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The Great Exhibition, 1851
The Great Exhibition of 1851 marked a time when Britain was one of the richest nations of the world, with a supportive Empire behind her, protected by the world's strongest navy. Britain was reaping the benefits of being the first country to industrialise. But many British people lived in poverty, in overcrowded cities, due to that very industrialisation.
The idea of having an exhibition of the achievements of British Arts and Industry was first proposed in 1848 by The Society of Arts, which was aware of similar, smaller scale versions by French factories. The Society realised that Royal patronage would make their work easier and approached Prince Albert, the husband of the reigning British monarch, Queen Victoria. He immediately saw the potential benefits to Britain, and wanted to widen the scope of the proposed exhibition considerably. It was, he wrote, to be an:
‘Exhibition of the Works of Industry of all the civilised Nations of the World',
which would celebrate:
‘the realisation of the unity of mankind.'
A Royal Commission was set up to deal with the finances – and hoped for profits – and subscriptions began to come in.
Prince Albert argued that the Great Exhibition would:
‘give … a true test and a living picture of the point of development at which the whole of mankind has arrived … and a new starting point from which all nations will be able to direct their future exertions.'
Not everyone saw the exhibition's potential, however. Critics described the possible outcome as a cross ‘between Wolverhampton and Greenwich Fair' which would bring ‘vulgar commerce' to its proposed site in Hyde Park, introducing ‘among us foreign stuff of every description'. Those who wanted to protect the primacy of British industry were against the whole idea, as they opposed free trade. They felt the open markets showcased by the exhibition would bring disaster to British industry.
More opposition arose when the size and scale design of the building which would hold the exhibition was decided. Various groups predicted the building's collapse, a shortage of food for visitors, the reintroduction into England of the Black Death and ‘all the scourges of the civilised and uncivilised world', drawing down the vengeance of an offended God.
The design of the exhibition hall
A competition was held to find the most appropriate design to contain, and reflect, the Great Exhibition. The winning design was submitted by Joseph Paxton, who worked for the Duke of Devonshire. This was said to be influenced by the strength of a type of water-lily leaf recently introduced into England. Paxton realised that it could support the weight of a five year old girl. Although not an architect, he had already designed the Conservatory at Chatsworth which the Queen and Consort had admired.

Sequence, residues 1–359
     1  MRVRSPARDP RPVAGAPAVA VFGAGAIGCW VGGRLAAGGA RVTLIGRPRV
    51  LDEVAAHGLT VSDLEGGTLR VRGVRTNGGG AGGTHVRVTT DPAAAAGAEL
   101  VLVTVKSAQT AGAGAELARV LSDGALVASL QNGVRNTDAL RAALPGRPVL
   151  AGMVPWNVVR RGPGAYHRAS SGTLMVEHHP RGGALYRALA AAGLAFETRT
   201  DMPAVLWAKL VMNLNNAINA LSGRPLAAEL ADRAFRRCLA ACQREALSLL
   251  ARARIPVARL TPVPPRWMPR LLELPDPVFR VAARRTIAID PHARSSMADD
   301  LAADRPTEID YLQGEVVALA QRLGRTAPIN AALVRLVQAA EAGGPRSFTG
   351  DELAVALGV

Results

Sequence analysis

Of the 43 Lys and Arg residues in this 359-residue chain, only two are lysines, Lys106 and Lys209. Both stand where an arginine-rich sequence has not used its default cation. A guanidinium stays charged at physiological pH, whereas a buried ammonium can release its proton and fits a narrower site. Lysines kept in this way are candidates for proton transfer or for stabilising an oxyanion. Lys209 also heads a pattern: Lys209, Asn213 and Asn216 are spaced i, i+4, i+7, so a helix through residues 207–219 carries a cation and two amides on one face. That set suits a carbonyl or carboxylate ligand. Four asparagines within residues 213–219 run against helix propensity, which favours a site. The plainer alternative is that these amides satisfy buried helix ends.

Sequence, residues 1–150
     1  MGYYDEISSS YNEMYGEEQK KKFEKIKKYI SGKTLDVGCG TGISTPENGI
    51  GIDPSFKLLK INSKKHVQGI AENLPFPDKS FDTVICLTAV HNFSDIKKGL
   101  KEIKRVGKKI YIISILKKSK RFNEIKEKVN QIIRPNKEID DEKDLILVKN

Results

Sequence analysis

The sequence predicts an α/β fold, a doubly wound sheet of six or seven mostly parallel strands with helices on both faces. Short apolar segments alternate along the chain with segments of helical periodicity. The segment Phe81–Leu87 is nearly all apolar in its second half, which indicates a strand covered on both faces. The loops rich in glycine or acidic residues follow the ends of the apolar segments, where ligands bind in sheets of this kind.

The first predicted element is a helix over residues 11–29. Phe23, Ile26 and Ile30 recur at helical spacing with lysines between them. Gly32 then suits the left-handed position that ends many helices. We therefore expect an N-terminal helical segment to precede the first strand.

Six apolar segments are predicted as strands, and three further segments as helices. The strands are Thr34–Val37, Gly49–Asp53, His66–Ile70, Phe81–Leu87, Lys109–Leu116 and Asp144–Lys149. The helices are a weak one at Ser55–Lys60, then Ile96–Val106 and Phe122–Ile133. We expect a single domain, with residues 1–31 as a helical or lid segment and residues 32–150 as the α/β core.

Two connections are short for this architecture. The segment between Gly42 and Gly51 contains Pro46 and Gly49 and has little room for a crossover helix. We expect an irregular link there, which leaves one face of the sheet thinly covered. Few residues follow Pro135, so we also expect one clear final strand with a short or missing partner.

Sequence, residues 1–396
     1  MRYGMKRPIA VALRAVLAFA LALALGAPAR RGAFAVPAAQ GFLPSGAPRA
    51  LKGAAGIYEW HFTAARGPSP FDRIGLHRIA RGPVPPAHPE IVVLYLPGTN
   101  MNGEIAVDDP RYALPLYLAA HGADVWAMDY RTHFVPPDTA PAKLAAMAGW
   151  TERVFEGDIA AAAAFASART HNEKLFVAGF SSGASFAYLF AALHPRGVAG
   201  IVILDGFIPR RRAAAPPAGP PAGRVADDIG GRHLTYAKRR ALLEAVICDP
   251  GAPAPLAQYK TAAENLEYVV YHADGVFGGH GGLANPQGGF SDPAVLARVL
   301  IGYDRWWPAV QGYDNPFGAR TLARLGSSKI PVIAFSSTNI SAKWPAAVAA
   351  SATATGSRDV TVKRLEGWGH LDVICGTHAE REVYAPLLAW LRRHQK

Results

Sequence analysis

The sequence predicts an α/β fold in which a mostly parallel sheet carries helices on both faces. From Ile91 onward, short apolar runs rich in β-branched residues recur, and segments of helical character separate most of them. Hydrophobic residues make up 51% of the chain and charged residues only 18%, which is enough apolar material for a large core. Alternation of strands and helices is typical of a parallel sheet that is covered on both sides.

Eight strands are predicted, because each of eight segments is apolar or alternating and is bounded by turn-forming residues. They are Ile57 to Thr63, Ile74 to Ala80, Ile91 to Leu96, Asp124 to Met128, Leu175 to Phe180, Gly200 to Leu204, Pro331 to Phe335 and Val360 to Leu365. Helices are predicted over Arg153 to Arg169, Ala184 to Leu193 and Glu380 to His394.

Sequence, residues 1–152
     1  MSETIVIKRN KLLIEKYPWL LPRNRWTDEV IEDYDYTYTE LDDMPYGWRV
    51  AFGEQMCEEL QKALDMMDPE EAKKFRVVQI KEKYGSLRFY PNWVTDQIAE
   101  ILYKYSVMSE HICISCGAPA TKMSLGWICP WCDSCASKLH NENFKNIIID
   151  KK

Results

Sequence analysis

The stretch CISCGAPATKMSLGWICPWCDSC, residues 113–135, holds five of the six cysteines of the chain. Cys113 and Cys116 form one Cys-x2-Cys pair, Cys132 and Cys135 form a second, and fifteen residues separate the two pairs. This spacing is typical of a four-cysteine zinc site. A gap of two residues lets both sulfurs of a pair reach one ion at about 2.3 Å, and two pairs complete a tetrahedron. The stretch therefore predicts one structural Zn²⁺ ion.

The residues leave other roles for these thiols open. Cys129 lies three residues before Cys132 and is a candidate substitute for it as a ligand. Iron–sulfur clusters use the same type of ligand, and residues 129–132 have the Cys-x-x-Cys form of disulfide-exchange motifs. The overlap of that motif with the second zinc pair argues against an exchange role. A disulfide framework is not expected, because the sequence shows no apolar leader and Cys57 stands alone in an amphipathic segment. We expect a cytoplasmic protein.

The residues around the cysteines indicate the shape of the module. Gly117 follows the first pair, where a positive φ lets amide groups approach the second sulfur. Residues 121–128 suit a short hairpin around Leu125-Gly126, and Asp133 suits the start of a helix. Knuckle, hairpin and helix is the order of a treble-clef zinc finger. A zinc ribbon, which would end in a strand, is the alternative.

Paxton's new design made use of the relatively new iron girders to form a prefabricated frame which would support over 200,000 panes of glass. The poet John Ruskin described it as, ‘a cucumber fame between two chimneys'. This building, which was high enough to hold Hyde Park's mature elm trees in situ, covered an area more than three times the size of St. Paul's Cathedral. It was soon dubbed the ‘Crystal Palace'.
The Great Exhibition was opened on 1st May 1851 by Queen Victoria. Contrary to all the critics, it was a great success. Nearly fourteen thousand exhibits were on show, seven thousand of which were from Britain and the colonies of her empire. These were divided into four categories:
- Raw materials
- Machinery and mechanical inventions
- Sculpture and Plastic Art.
Nearly three quarters of a million people attended the opening ceremony. During the five months the exhibition ran, it was visited by around six million people (about a third of Britain's population). Many were able to do so because of the new excursions being run by Thomas Cook, using Britain's recently constructed railway network.
Admittance prices ranged from 6d to £1. Refreshments were available: soda waters by Schweppes, biscuits from Carlisle – and hampers from Fortnum and Mason. The first public toilets in Britain were in use, at a cost of 1d. Exhibits were greatly varied, ranging from the latest industrial machines, sometimes actually in operation, through watches, sledges, china to fine materials.
The success of the Exhibition encouraged Prince Albert and the Commission to use some of the profits to buy land in an area of London known as Kensington Gore. This was for four Institutions corresponding to the four categories of the exhibits. Today, the complex of buildings on this site includes:
- The Imperial College of Science
- The Royal Colleges of Music and Art
- The Science Museum
- The Natural History Museum (incorporating the Geological Museum)
- The Victoria and Albert Museum (of Applied Arts and Design).
The Royal Commissioners still administer a fund which provides grants to research students from the Commonwealth.
The Crystal Palace itself was dismantled and moved to a site at Sydenham, with its own railway branch line. Here, it attracted many visitors until it burned down in 1936, by which time it had been enveloped in London's suburbs.
In 1951, after emerging from the restrictions of the Second World War, Britain sought to echo the success of the original Great Exhibition by mounting the Festival of Britain.
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